How to Transplant a Rose of Sharon
Whether you have new rose of sharon plants from starting seeds or growing cuttings, there will come a time when you need to transplant the young plants to their permanent location. Whether it is spring, fall, or the middle of summer, it's easy to transplant a rose of sharon and enjoy bright, colorful blooms as soon as the following year. With a plant like rose of sharon, which can live for decades, the hardest thing about transplanting it may be finding an appropriate planting site.
Select a site for your rose of sharon that is in full sun with well-draining soil, neither swampy nor dry. Loosen the soil and create a hole as deep as the pot your plant is in and three times as wide.
Add garden soil or compost to the removed soil if you find it to be sandy. Your rose of sharon needs a moist soil that doesn’t drain immediately, so adding looser, more absorbent soil can help improve the success of your transplant.
Take the plant out of the pot and untangle larger roots around the base of the plant with your fingers. Spread out the roots from the bottom and set the plant into the empty hole.
Fill in the hole with your broken-up soil. Work the soil around to all sides of the plant and press it to firm up the soil and stabilize the plant so it cannot move if a rough wind blows.
Water the plant and disturbed soil to moisten it thoroughly without soaking it. Keep the soil well-watered for the first month.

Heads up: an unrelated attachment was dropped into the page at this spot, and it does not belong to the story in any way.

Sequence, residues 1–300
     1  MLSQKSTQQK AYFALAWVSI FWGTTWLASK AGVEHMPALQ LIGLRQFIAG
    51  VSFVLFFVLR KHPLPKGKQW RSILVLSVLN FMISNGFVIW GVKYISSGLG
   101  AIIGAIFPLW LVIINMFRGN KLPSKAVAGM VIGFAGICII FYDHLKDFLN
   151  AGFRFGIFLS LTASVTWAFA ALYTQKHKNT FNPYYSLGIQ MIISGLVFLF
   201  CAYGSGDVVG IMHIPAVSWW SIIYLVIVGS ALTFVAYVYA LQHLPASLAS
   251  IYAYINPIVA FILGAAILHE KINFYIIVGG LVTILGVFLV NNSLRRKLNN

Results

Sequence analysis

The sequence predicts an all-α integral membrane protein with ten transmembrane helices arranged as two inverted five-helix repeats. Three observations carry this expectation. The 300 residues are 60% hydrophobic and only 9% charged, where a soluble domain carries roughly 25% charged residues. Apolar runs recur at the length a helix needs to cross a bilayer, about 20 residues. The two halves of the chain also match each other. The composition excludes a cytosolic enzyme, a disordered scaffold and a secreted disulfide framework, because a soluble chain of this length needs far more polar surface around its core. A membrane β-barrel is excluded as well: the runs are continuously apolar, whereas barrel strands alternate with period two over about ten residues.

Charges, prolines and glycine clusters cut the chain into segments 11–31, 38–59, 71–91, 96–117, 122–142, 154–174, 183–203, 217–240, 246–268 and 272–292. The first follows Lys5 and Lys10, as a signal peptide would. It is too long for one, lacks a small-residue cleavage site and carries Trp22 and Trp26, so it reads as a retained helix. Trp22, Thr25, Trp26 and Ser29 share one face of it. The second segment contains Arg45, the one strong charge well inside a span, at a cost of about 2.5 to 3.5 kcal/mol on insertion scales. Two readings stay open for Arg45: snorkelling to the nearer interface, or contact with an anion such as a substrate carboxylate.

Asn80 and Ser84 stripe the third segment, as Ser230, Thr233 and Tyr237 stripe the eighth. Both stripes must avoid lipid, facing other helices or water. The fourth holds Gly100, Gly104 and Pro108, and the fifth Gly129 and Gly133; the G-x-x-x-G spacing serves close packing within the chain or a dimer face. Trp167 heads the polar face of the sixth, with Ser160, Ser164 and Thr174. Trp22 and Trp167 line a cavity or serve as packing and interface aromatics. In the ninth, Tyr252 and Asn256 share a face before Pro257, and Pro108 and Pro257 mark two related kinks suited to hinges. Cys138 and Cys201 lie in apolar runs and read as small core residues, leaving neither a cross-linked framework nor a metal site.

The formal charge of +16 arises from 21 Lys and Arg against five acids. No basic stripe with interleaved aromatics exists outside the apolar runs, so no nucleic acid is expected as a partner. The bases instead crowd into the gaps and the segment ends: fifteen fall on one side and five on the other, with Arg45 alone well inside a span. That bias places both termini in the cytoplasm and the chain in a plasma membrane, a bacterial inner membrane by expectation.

Spread 2 to 4 inches of mulch around the plant to prevent weeds and maintain the moisture in the soil.
Adding a 10-10-10 fertilizer to your plant in the spring and again in midsummer can help encourage its growth and increase blooms.
If your region is experiencing drought in the first year for the transplanted rose of sharon, water your plant weekly to keep it going. You also can do this in other drought years so you’ll see blooms in late summer to fall.
- Adding a 10-10-10 fertilizer to your plant in the spring and again in midsummer can help encourage its growth and increase blooms.
- If your region is experiencing drought in the first year for the transplanted rose of sharon, water your plant weekly to keep it going. You also can do this in other drought years so you'll see blooms in late summer to fall.
- Gardening gloves
- Garden soil or compost, if necessary
- Potted rose of sharon
- Georgia Gardener’s Guide; Erica Clasener, Walter Reeves; 2004